Monday, March 31, 2014

5 Years On

I wasn’t paying attention last month and completely forgotten about it, but this blog hit its 5th anniversary on the 3rd of February, 2014.

Seems like I just started out yesterday, but its been a heck of a journey – personally, professionally and intellectually. Reading some of my old posts now, I can see many of my mistakes, but I also see just how much I’ve grown and matured through this process. It’s been an immensely rewarding and enriching experience.

Moreso since, based on my stat counters, the blog also hit 1 million page views some time in January, and over 600,000 visitors. Those are numbers beyond believable, which I never even looked for 5 years ago when this site was started as no more than a personal project to stay connected with my ex-colleagues.

Somehow it grew, and through it I’ve connected with a larger world, a larger Malaysia, than I’d ever thought to see. It’s brought me both friends and enemies, agreements and arguments, and I cherish all alike.

So from the bottom of my heart, to all my readers and commentators, and to my wife who has always encouraged my sometimes crazy mania for blogging, thank you. This site would be nothing without you…and neither would I.

Regulation And Ratings

There’s a fascinating new working paper at the NBER that examines how the confluence of ratings and regulation conspired to help create the 2008-2009 global financial crisis (abstract):

Rating Agencies
Harold Cole, Thomas F. Cooley

For decades credit rating agencies were viewed as trusted arbiters of creditworthiness and their ratings as important tools for managing risk. The common narrative is that the value of ratings was compromised by the evolution of the industry to a form where issuers pay for ratings. In this paper we show how credit ratings have value in equilibrium and how reputation insures that, in equilibrium, ratings will reflect sound assessments of credit worthiness. There will always be an information distortion because of the fact that purchasers of ratings need not reveal them. We argue that regulatory reliance on ratings and the increasing importance of risk-weighted capital in prudential regulation have more likely contributed to distorted ratings than the matter of who pays for them. In this respect, much of the regulatory obsession with the conflict created by issuers paying for ratings is a distraction.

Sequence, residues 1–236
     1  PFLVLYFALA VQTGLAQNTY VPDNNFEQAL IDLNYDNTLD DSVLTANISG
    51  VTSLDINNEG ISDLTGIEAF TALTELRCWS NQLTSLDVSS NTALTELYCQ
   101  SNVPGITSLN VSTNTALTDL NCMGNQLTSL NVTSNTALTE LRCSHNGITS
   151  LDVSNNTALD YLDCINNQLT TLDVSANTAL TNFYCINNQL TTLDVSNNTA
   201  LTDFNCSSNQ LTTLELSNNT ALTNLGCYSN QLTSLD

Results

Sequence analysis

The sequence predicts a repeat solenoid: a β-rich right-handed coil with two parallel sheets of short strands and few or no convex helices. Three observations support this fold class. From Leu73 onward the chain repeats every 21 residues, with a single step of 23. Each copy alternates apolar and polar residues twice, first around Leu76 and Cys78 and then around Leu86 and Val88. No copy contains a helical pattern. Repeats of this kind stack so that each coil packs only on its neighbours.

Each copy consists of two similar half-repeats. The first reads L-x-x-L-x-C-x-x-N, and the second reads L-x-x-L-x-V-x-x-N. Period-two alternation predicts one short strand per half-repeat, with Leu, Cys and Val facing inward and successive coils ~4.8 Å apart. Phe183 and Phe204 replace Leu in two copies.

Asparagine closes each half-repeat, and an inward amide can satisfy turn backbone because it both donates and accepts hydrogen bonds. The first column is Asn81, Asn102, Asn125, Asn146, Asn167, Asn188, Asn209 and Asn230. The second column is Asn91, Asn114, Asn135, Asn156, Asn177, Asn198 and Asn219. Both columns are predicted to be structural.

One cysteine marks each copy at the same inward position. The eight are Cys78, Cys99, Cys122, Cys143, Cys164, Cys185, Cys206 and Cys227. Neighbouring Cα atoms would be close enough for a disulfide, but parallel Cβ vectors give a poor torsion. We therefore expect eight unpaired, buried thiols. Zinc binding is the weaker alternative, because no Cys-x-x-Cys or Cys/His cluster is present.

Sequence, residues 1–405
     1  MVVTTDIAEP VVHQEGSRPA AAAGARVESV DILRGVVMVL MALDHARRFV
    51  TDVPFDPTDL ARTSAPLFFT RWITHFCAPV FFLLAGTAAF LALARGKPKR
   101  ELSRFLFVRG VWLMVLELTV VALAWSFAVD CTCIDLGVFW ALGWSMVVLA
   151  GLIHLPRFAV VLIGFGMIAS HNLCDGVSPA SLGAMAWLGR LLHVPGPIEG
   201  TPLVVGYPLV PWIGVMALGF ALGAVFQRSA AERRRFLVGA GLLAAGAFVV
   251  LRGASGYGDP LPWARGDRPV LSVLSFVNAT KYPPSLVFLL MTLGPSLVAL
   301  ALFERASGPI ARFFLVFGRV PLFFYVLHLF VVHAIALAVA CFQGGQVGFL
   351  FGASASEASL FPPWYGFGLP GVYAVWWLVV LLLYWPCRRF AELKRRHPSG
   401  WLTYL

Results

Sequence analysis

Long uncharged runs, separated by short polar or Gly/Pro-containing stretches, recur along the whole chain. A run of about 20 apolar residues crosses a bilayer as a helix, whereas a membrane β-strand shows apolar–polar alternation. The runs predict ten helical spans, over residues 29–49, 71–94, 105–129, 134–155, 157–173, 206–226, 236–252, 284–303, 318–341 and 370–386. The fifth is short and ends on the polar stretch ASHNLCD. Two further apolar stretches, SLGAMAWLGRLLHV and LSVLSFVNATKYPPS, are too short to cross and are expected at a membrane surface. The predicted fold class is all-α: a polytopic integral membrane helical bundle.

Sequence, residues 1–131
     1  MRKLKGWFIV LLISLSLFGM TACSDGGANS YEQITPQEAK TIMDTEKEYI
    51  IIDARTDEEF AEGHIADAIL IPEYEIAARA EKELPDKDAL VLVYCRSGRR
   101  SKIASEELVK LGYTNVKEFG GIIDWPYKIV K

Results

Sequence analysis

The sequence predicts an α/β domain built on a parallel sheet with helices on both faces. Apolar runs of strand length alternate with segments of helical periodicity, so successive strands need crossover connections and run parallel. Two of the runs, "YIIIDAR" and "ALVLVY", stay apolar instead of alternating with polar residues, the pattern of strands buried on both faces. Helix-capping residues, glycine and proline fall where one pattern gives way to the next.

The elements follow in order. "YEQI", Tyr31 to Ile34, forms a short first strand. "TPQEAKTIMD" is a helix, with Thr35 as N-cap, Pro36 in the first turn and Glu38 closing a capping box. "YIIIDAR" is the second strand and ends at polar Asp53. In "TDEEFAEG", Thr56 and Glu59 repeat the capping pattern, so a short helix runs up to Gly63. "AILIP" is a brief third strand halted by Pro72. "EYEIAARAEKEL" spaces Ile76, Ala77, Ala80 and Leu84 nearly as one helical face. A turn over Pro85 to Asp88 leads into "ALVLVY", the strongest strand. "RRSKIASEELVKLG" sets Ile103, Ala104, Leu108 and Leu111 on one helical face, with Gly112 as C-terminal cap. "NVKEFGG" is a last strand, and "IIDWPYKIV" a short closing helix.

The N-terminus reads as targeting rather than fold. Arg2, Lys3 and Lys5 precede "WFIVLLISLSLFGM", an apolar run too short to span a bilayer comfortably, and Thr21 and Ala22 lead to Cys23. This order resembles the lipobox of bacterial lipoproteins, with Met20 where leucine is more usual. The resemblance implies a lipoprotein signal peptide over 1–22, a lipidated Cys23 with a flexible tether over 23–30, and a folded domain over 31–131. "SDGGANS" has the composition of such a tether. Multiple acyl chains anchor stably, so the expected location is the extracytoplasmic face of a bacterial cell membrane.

Skipping over the math, what Cole & Cooley observe is that credit ratings and rating agencies continue to function pretty well, even under the potential conflict of interest arising from the “issuers pay” model, at least for “vanilla” credit securities.

Thursday, March 27, 2014

Perceptions of Inflation

Pemandu serves up some thoughts on the CPI from the Ministry of Domestic Trade, Co-operatives and Consumerism (now isn’t that a mouthful?) (excerpt):

Food Price Increases Not as Dramatic as Public Perceives It

Many Malaysians have expressed concern over the increase in price of items in the food basket in Malaysia, seeing it as a knock on effect of the reduction of fuel subsidies. However, the reality is that these are part of a global trend where the prices of goods and services are on the rise.

Tuesday, March 25, 2014

February 2014 Consumer Price Index

Question: Has there been an increase in inflationary pressure in the last few months?

Question: Has weakness in the Ringgit contributed to domestic inflation in Malaysia?

I think the answers might surprise a few people, for so far the answer to the first is no (at least, not yet), and the answer to the second is both yes and no.

Let me explain.

Thursday, March 20, 2014

BNM Annual Report 2013

I think I’ve finally settled down enough to start writing for the blog again, but posts will be a little sporadic still until I feel like I’ve got all the pieces of my new job in place. That might still take some time, so I’ll be focusing less on day-to-day data releases, and more on big picture stuff for now. I’ll probably go back to more regular posting in a few months or so.

In the meantime, Bank Negara released their annual report yesterday. There’s no big surprises in terms of their view on the economic outlook – better recovery in advanced economies (leading to higher export demand), and moderating growth in emerging markets. They’re less pessimistic on growth prospects for the latter than many others are. The Governor for instance was quite emphatic that China will be able to overcome their structural and financial imbalance issues, and avoid a hard landing.